A History of the County of Middlesex: Volume 3, Shepperton, Staines, Stanwell, Sunbury, Teddington, Heston and Isleworth, Twickenham, Cowley, Cranford, West Drayton, Greenford, Hanwell, Harefield and Harlington. Originally published by Victoria County History, London, 1962.
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Anthony Brown, by will dated 1800, left £5 a year to educate poor children. About 1823 the rector paid the income to two schoolmistresses towards the education of several children, and made up the remainder of the cost himself. (fn. 1) A Sunday school had been started by 1833, (fn. 2) and about 1836 a church school was started in a building (in 1959 a private house called the Meads) to the east of the church. (fn. 3) This took over Brown's charity, together with a legacy of £500 left by Thomas Dagnall (d. 1865) for the education of poor girls. (fn. 4) This school may have been in union with the National Society, and in 1877, when it was moved into new buildings, it was certainly a National school. The new school was held in what is now (1959) the house called May Trees in Church Road. It seems to have moved in 1891 to the buildings in the High Street which are still in use, but whether these already housed part of the school before 1891, or what was the relationship between it and the Church Road building, is uncertain. One of the two seems originally to have been a mission church of Hillingdon parish, in which so much of Cowley village originally lay. (fn. 5) The girls' depart ment of the school received government grants from 1887, (fn. 6) and by 1890 the school took only girls and infants, while the older boys went to school in Hillingdon. (fn. 7) About 1930 the older children were removed and the school from then on took juniors and infants, both boys and girls. Average attendance reached about 100 at the turn of the century and then dropped a little, but rose, with the building of new houses, to nearly 200 in 1938. (fn. 8) The school was enlarged in 1933-4, and in 1955 a new building was opened in Worcester Road. This took most of the juniors, while the High Street school continued to be used for the younger children. (fn. 9) In 1959 there were 430 children in the whole school. (fn. 10)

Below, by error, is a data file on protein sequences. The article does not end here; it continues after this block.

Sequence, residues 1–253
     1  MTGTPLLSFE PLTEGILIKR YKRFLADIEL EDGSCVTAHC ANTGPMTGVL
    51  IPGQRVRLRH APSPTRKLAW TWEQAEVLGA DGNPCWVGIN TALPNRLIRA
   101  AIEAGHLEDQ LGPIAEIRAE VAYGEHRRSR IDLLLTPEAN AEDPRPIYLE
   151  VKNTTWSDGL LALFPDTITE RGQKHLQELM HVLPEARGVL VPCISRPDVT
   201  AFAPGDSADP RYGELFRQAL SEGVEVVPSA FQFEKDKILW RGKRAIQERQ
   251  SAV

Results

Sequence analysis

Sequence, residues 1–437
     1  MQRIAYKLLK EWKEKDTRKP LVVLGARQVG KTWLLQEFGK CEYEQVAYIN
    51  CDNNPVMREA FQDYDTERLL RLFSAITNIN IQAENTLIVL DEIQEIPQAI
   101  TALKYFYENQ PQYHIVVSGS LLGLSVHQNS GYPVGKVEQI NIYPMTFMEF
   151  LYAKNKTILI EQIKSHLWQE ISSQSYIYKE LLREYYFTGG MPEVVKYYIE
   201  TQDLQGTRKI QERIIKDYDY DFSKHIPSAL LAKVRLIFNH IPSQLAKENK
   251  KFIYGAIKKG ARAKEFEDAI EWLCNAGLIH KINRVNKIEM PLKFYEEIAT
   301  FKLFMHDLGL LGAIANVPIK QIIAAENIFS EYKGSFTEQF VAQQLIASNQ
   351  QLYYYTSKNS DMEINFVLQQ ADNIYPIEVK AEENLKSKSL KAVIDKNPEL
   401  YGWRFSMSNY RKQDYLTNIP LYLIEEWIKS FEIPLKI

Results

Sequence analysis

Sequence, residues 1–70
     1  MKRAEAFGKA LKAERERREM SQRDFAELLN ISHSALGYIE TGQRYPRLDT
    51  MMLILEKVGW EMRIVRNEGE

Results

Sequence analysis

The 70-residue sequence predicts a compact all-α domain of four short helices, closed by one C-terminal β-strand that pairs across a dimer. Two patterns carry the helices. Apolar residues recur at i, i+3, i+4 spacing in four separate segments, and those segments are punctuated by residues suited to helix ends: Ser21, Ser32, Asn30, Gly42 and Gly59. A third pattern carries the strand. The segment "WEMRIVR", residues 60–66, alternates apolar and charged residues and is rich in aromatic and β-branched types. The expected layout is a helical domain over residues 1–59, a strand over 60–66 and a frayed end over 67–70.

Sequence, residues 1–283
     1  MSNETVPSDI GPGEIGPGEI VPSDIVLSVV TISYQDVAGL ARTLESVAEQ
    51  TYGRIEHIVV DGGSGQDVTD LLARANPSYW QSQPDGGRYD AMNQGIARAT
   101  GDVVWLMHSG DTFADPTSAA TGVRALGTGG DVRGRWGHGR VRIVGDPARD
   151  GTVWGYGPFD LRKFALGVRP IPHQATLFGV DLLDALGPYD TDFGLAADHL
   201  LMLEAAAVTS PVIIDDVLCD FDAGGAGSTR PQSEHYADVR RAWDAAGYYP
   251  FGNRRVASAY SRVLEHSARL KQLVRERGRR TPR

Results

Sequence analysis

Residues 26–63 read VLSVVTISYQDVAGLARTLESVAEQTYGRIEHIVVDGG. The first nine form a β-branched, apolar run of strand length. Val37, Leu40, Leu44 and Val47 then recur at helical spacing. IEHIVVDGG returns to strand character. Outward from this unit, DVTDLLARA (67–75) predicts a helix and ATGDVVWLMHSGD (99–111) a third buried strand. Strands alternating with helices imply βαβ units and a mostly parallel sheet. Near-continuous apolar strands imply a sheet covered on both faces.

A drop of about 50 in the population of Cowley between 1841 and 1851 was attributed to the removal of a large preparatory school: it is not known where this had been held. (fn. 11)